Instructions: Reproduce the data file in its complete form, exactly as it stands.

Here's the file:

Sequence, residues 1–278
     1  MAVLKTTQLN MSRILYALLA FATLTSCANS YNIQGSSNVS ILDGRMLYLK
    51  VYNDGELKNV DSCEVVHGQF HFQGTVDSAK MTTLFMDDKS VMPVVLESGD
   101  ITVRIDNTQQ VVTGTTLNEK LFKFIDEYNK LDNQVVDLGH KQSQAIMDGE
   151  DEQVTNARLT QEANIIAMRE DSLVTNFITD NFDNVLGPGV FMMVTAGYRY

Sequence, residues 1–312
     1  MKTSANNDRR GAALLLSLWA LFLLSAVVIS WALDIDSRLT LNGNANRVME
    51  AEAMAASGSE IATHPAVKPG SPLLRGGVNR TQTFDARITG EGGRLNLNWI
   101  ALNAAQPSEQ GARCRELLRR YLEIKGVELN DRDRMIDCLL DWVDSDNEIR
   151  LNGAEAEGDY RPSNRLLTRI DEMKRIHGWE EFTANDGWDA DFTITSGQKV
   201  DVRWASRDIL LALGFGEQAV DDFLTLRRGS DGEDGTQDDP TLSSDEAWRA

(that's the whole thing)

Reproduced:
Sequence, residues 1–278
     1  MAVLKTTQLN MSRILYALLA FATLTSCANS YNIQGSSNVS ILDGRMLYLK
    51  VYNDGELKNV DSCEVVHGQF HFQGTVDSAK MTTLFMDDKS VMPVVLESGD
   101  ITVRIDNTQQ VVTGTTLNEK LFKFIDEYNK LDNQVVDLGH KQSQAIMDGE
   151  DEQVTNARLT QEANIIAMRE DSLVTNFITD NFDNVLGPGV FMMVTAGYRY

Sequence, residues 1–312
     1  MKTSANNDRR GAALLLSLWA LFLLSAVVIS WALDIDSRLT LNGNANRVME
    51  AEAMAASGSE IATHPAVKPG SPLLRGGVNR TQTFDARITG EGGRLNLNWI
   101  ALNAAQPSEQ GARCRELLRR YLEIKGVELN DRDRMIDCLL DWVDSDNEIR
   151  LNGAEAEGDY RPSNRLLTRI DEMKRIHGWE EFTANDGWDA DFTITSGQKV
   201  DVRWASRDIL LALGFGEQAV DDFLTLRRGS DGEDGTQDDP TLSSDEAWRA